The Sad History of Walls

by Tommy Macias
for the “Progressive Views” column, Boerne Star, March 1, 2019

Stone wall running through green hills
“Hadrian’s Wall, Pennine Way, Hexham” by Robert Linsdell is licensed under CC-BY 2.0

Here’s a sad fact of life for walls and barriers everywhere: they all can be defeated. Let’s use the most heavily defended border on earth as an example. This is the 160 mile-long Demilitarized Zone (DMZ) that separates North and South Korea. The DMZ is the front line between the two countries as the 1950-53 Korean War never really ended. Only an armistice or cease-fire stopped the fighting. Both countries are technically still at war.  There are several million armed soldiers in close proximity on both sides of the DMZ. This border is defended by landmines, watchtowers, sensors, dogs, aircraft, barbed wire, tanks etc. If there is a device that can detect, immobilize, or kill a person, it probably has an address somewhere along the DMZ. And the DMZ can be penetrated by people. You yourself can safely do this. In the 1970’s it was discovered that North Korea had built a series of tunnels underneath the DMZ, some of them big enough to fit a tank. The tunnels are obviously able to accommodate large numbers of people intent on crossing this border. Don’t take my word for it, Google it. Or better yet, see one for yourself. Trips are available in South Korea to visit the tunnels. Tourists can literally walk underneath the most heavily defended stretch of real-estate on Mother Earth while they sip their lattes. Coincidentally tunnels also run underneath our 2000-mile-long, DMZ-free southern border. I’m sure tours of these can similarly be arranged. $8 billion won’t get a wall to first base, much less from sea to shining sea. To complete a barrier will require many billions of dollars more. A hefty bill for the certain outcome that a wall can never deliver on its promise. All this to accommodate an emergency that is a figment of the political imagination.

Another word for “History” is “Data,” and what the data shows is that walls, lines, and barriers have a sorry track record.  In World War II France’s Maginot Line did not keep Hitler’s armies out, nor did Hitler’s own Atlantic Wall keep Allied armies from liberating Normandy beaches on D-Day. The Soviet Union’s Berlin Wall did not keep Germans from seeking their freedom in the west. Walls, lines, and barriers have been something invested by those on the losing side of history. Time and again, wall builders have been bested by more inventive folks who have figured out ways over, under, around, and through. You can no more build an effective wall across our southern border than you can around Kendall County. Walls only provide a temporary and misguided sense of security, one that has historically come to a very rude end. To those who put their faith it walls, it’s probably best to have a Plan B.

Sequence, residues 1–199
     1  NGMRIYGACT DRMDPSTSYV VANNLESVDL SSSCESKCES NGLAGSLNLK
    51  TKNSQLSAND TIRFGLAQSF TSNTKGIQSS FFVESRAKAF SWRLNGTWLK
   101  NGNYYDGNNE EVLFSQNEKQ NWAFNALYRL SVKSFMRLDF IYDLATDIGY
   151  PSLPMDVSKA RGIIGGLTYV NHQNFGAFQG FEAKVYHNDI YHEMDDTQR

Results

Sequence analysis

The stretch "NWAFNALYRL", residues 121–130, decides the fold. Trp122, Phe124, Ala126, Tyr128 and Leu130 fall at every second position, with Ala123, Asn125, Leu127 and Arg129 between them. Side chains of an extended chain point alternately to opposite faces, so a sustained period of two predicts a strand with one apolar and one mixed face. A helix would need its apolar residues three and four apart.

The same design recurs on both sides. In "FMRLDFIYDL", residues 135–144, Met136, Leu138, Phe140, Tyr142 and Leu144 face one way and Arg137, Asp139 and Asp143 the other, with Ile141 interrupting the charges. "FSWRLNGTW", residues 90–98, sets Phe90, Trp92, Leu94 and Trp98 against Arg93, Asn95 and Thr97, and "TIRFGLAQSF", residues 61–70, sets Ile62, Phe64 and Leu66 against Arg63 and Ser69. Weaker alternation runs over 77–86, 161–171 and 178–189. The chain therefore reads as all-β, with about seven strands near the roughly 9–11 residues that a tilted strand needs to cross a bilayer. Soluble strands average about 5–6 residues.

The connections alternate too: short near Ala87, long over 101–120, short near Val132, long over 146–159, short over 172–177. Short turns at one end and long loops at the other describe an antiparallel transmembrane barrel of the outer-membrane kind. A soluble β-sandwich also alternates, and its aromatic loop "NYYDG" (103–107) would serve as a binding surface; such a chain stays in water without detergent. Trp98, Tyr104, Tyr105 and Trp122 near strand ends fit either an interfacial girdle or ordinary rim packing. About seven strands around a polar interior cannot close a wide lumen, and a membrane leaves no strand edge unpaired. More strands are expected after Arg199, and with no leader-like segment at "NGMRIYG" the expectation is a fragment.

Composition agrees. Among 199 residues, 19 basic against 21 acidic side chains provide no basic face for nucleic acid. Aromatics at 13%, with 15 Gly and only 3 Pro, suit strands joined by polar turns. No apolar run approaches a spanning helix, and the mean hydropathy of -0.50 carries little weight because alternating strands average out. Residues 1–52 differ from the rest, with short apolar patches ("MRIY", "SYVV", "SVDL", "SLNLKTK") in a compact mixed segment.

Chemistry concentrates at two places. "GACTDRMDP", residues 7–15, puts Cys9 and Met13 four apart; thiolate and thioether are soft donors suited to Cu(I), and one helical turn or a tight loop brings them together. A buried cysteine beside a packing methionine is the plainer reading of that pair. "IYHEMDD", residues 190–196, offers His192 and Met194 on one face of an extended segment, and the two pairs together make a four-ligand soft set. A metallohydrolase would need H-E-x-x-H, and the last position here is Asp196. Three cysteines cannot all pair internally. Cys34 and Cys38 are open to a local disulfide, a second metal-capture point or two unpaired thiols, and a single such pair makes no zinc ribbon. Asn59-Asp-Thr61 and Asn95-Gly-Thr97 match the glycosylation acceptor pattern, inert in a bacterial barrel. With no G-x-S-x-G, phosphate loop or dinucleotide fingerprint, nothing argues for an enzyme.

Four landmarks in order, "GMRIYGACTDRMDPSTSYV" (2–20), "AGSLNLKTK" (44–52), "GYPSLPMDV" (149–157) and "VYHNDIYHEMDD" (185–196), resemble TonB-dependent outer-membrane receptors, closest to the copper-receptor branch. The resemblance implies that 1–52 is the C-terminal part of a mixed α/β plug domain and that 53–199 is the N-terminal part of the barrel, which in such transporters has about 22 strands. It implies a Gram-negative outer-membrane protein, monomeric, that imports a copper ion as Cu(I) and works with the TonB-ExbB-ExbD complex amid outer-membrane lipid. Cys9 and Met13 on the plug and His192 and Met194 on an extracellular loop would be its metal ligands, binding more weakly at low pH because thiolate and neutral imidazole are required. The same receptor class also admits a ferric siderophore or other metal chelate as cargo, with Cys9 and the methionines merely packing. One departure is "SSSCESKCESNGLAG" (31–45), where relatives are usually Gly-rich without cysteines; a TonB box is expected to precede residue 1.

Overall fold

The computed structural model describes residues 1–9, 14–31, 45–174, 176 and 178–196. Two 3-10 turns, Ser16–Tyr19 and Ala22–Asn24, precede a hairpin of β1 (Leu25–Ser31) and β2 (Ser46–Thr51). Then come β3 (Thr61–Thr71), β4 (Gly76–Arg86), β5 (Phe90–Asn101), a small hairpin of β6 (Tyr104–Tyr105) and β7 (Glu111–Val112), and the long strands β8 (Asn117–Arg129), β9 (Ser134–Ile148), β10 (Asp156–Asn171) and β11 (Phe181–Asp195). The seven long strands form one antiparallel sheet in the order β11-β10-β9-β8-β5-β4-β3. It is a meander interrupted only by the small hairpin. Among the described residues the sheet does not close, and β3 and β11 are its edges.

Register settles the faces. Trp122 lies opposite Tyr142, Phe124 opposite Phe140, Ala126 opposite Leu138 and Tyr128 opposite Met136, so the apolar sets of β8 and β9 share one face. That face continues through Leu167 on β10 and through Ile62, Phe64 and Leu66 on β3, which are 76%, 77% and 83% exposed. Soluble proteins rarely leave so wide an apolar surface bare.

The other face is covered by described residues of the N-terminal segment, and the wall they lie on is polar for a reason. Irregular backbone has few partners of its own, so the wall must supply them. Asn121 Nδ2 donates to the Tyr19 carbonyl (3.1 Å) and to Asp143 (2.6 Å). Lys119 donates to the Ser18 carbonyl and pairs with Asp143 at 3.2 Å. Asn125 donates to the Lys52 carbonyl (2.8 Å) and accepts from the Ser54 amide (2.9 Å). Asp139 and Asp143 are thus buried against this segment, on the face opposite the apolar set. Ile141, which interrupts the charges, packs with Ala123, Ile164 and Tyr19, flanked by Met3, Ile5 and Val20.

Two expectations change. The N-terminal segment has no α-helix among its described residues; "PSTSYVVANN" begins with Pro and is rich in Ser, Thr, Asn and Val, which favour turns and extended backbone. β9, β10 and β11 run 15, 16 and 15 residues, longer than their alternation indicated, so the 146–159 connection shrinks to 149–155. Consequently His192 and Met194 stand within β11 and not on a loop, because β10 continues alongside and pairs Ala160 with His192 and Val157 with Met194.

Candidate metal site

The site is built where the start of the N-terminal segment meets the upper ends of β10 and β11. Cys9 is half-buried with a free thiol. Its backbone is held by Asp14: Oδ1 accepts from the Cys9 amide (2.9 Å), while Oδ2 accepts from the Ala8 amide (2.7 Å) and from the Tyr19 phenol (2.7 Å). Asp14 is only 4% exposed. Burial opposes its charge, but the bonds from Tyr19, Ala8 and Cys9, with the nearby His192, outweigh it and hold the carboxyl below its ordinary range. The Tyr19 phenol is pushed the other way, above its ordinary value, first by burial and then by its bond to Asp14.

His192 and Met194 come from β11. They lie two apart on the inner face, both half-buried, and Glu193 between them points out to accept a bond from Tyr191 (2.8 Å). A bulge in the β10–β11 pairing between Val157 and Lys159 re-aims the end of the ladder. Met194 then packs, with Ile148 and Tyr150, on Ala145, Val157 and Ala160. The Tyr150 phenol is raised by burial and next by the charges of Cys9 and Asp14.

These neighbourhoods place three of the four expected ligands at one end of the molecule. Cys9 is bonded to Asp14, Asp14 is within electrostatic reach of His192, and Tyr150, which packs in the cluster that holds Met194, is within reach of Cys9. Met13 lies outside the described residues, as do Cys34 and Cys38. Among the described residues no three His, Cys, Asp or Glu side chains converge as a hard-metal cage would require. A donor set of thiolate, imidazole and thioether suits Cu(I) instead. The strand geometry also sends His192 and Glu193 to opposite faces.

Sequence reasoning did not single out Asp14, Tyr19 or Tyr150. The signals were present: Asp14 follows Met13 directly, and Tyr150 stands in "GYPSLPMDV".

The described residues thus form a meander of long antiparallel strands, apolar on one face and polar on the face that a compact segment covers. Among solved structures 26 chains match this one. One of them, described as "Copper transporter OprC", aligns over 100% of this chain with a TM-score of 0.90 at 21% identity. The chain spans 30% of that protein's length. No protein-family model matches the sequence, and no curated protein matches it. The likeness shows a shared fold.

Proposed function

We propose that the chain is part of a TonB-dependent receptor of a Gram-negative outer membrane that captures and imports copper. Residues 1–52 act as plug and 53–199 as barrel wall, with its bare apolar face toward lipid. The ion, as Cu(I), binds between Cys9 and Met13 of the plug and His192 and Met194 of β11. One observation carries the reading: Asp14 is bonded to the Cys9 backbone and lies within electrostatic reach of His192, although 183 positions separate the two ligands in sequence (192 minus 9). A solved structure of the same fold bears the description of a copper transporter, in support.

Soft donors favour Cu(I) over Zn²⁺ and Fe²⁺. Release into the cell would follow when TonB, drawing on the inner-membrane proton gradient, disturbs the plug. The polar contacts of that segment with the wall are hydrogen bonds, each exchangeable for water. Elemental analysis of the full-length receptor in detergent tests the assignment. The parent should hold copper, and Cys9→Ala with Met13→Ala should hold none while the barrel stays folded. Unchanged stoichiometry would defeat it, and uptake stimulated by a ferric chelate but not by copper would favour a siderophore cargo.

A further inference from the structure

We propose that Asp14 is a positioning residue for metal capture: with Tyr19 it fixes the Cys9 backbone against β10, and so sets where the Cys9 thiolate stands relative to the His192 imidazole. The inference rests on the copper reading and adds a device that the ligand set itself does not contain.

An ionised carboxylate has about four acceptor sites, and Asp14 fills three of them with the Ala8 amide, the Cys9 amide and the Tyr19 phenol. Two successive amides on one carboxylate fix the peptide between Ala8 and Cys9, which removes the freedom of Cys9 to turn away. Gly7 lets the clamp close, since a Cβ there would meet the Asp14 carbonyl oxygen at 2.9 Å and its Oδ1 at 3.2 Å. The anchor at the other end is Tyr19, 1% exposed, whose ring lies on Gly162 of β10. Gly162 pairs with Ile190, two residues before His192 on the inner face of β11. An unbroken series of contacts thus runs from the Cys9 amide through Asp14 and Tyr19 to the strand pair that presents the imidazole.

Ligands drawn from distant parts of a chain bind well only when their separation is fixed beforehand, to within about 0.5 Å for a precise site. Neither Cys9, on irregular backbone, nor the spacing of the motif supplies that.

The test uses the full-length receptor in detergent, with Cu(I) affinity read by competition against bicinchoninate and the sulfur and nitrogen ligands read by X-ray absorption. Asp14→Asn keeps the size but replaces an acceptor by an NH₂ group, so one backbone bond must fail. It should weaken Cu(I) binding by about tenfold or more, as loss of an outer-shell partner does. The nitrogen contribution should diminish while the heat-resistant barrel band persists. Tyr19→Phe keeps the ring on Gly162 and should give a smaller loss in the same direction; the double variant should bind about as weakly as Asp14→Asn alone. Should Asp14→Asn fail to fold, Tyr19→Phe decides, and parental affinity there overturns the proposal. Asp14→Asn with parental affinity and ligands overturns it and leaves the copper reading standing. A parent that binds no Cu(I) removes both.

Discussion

When a person wants an expert opinion, they seek out specialists. On issues of national security and emergencies, who better than those who have studied this issue since they were 18-year-old cadets at West Point? Martin Dempsey, a recent Chairman of the Joint Chiefs of Staff, i.e. the top officer in the U.S. Military, dismissed the notion of the southern border as a national emergency. Dempsey has also labeled the current deployment of forces to the border as “wasteful.” Barry McCaffrey, the former commander of U.S. Southern Command, the command which focuses on threats originating from Latin America, has likewise been at odds with administration policy.  Having both commanded troops in combat I think the generals know what they are talking about. Funding for a wall will be diverted from military construction (MILCON), i.e. training facilities, hospitals, hangars, i.e. things our military needs to win against real adversaries such as Russia, and not those imagined or created. No wonder the generals are up in arms.

A wall is not a policy, a law enforcement strategy, and least of all a solution. It is a symbol.  A symbol similar to how the three concentric circles that form a bullseye are a simple, easily understood communication to shooters on where to aim and fire. A wall symbolizes those such as immigrants we have chosen as scapegoats to mask our real national challenges.  As a symbol, the best a wall can do is serve as a wretched monument to a sordid era in American political history. A period when governmental decisions were made on the basis of racial stereotypes. A period to learn from. A period to put behind us. A period never to repeat.

Thomas Macias is a retired U.S. Air Force lieutenant colonel and a Kendall County Democrat.

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